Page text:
Published in July 2011 by the Pew Project for Excellence in Journalism, the study found:

The 46 national and state-level news sites examined—a group that included seven new commercial sites with similar missions—offered a wide range of styles and approaches, but roughly half, the study found, produced news coverage that was clearly ideological in nature.

In general, the more ideological sites tended to be funded mostly or entirely by one parent organization—though that parent group may have various contributors.

On the other hand, the study found that sites that had a broad base of support—a larger number of smaller funders—were more likely to produce journalism as the traditional nonpartisan mission would have it:

Sites that offered a mixed or balanced political perspective, on the other hand, tended to have multiple funders, more revenue streams, more transparency and more content with a deeper bench of reporters. The six most transparent sites studied, for instance, were among the most balanced in the news they produced.

Or as media critic Jack Shafer put it in a column on Slate in September 2009, “No matter how good the nonprofit operation is, it always ends up sustaining itself with handouts, and handouts come with conditions.”

The bigger the handout, the more onerous the conditions. Laura Frank, director of the nonprofit Rocky Mountain Investigative News Network, last September told the American Journalism Review: “People think, ‘Oh, wow. You don’t have to deal with advertisers,’ but it’s kind of the same thing. Foundations are used to funding something and having control over it. You have to explain to them that there is a firewall: ‘What you’re funding is the act of journalism for the benefit of society.’ ”

There is, of course, a great debate over whether the kind of standardized objective journalism that took hold with the professionalization of the craft in the latter half of the last century still serves the public. A press that advocates positions on issues is not inherently problematic. The question is whether the advocacy is pursued independently of funding interests; that’s the distinction that Frank finds she must constantly strive to make her funders understand.

Advocacy as an editorial priority or point of view is essential to a healthy, diverse press culture. Without it, there’s no Nation, no Weekly Standard, no New Criterion, no Dissent, to name a few outlets with radically different structures but with independent editorial missions.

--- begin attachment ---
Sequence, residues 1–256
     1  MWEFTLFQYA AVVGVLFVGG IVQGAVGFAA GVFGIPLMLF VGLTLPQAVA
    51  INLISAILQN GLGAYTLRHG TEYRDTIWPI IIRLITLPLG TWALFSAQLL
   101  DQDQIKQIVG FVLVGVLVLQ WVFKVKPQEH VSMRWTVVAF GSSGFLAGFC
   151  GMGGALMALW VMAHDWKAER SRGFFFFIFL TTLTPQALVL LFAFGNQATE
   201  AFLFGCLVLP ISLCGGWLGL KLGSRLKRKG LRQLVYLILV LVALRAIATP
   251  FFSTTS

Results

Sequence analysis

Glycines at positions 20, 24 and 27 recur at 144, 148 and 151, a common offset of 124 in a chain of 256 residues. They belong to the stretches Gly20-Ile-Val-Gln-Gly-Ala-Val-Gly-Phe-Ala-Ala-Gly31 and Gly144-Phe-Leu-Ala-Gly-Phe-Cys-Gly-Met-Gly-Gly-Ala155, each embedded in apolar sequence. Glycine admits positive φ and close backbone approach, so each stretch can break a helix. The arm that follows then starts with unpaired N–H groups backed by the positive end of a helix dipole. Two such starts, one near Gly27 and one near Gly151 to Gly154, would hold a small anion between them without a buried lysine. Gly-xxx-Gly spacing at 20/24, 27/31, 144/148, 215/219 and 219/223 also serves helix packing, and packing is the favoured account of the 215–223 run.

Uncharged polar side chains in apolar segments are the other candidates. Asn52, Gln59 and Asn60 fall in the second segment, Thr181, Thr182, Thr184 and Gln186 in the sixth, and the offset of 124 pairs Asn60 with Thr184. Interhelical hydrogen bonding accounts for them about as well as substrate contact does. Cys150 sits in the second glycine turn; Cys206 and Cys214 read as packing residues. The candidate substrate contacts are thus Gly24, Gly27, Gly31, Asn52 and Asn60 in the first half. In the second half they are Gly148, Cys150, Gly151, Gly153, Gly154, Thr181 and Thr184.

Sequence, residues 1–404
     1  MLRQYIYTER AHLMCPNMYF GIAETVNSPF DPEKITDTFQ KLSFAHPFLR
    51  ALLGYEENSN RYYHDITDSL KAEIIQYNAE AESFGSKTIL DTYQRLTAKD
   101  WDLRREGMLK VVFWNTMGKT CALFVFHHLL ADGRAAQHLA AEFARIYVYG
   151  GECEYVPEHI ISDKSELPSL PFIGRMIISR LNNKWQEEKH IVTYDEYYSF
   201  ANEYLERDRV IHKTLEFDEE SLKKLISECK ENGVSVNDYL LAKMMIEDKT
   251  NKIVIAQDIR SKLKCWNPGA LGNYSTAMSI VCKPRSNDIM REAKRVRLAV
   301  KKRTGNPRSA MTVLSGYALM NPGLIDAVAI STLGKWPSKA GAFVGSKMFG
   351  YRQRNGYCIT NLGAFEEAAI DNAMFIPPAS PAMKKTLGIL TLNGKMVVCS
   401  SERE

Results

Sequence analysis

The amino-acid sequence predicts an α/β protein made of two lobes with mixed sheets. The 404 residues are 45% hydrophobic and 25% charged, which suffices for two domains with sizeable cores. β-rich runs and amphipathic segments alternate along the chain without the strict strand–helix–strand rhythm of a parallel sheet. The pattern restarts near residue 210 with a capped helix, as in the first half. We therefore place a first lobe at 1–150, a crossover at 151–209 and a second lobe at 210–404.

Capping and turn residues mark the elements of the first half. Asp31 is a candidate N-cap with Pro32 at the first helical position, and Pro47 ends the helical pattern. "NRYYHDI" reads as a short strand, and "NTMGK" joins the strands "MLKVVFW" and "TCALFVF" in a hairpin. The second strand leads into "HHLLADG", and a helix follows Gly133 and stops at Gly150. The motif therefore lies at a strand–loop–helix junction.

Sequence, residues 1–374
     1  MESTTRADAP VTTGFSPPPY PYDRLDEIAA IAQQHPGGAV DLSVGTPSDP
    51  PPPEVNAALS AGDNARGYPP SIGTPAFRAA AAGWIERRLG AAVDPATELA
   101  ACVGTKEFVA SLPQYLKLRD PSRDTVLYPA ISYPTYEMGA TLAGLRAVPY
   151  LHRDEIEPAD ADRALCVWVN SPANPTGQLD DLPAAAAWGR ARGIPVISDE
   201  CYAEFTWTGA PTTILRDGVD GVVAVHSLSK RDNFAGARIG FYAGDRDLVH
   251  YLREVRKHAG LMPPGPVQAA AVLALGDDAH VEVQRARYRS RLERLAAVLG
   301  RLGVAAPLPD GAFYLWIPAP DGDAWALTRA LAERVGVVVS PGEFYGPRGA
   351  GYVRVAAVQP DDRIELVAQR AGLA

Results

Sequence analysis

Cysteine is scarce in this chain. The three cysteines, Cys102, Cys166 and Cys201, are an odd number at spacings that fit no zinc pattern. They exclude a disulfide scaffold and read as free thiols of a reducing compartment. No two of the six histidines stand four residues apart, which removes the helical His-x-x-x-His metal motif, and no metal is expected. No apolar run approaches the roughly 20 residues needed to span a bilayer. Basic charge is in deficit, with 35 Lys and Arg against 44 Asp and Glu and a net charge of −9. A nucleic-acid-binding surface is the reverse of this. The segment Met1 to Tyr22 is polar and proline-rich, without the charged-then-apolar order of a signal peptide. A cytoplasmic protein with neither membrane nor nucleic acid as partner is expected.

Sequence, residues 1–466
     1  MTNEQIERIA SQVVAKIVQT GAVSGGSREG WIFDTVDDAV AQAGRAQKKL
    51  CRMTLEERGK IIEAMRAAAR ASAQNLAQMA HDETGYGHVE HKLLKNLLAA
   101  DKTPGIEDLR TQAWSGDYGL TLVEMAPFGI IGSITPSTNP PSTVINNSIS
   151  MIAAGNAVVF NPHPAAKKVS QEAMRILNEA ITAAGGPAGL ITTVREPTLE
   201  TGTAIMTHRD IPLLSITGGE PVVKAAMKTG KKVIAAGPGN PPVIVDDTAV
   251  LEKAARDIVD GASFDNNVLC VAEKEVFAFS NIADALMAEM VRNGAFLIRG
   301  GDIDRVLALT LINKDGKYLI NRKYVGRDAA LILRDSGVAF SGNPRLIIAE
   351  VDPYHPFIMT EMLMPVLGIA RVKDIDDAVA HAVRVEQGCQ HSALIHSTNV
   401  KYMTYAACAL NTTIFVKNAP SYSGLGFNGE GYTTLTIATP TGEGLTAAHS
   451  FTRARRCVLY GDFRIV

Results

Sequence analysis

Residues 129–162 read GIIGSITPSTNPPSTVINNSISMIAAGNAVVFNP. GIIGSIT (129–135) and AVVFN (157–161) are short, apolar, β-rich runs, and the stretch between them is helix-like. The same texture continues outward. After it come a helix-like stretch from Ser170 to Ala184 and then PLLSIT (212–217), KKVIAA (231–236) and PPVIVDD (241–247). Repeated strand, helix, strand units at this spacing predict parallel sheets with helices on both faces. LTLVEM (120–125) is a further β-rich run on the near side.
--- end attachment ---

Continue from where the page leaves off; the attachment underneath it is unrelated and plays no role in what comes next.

Advocacy as a funding mechanism is what I find problematic, especially as new big-money power bases emerge for solving the problems that society encounters. Everyone takes for granted the need to be a news organization that is independent of Washington. But how long before it becomes just as important to be independent of, say, tech billionaires out of Cupertino, or Mountain View, or Redmond?

Building a “philanthropy firewall” is just as daunting as any advertising firewall ever was. Yet contemplating a nonprofit model does not necessarily mean hunting great personal or corporate fortunes. Broad appeals to the middle class have long been a part of American philanthropic practice.

But broad appeals need a broad base, and, therefore, scale. Most journalism will not be able to reach that scale quickly, without large private disbursements from a small number of deep pockets. The next NPR or PBS will not just drop out of the sky without some boldface name from the financial pages creating it. That strikes me as perilous.

Building a business, as risky as it sounds, at least builds value that belongs to the organization. It can be difficult, and slow. Today’s apparent success stories are often small regional startups that have generally been patient about scaling up. Such sites may not comfort those who want to see three or four more news organizations with the strength and reach of now-fading quality regional dailies, like The Philadelphia Inquirer, the Los Angeles Times, or the Chicago Tribune. But it’s worth remembering that these papers, in a different era, themselves grew organically over time from local dailies to large operations, according to market conditions.

Tom McGeveran is a co-founder and editor of Capital New York, a for-profit news and commentary site that recently raised $1.7 million from private investors. He previously was editor of The New York Observer.